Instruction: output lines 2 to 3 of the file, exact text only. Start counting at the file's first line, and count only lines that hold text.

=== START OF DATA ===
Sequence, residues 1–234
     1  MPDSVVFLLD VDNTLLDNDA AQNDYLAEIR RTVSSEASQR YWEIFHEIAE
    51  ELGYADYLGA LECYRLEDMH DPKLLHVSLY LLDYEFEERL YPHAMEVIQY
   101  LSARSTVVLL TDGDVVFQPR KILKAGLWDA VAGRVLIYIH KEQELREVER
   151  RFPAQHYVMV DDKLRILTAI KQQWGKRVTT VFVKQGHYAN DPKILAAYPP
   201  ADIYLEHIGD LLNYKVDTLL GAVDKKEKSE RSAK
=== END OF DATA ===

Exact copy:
     1  MPDSVVFLLD VDNTLLDNDA AQNDYLAEIR RTVSSEASQR YWEIFHEIAE
    51  ELGYADYLGA LECYRLEDMH DPKLLHVSLY LLDYEFEERL YPHAMEVIQY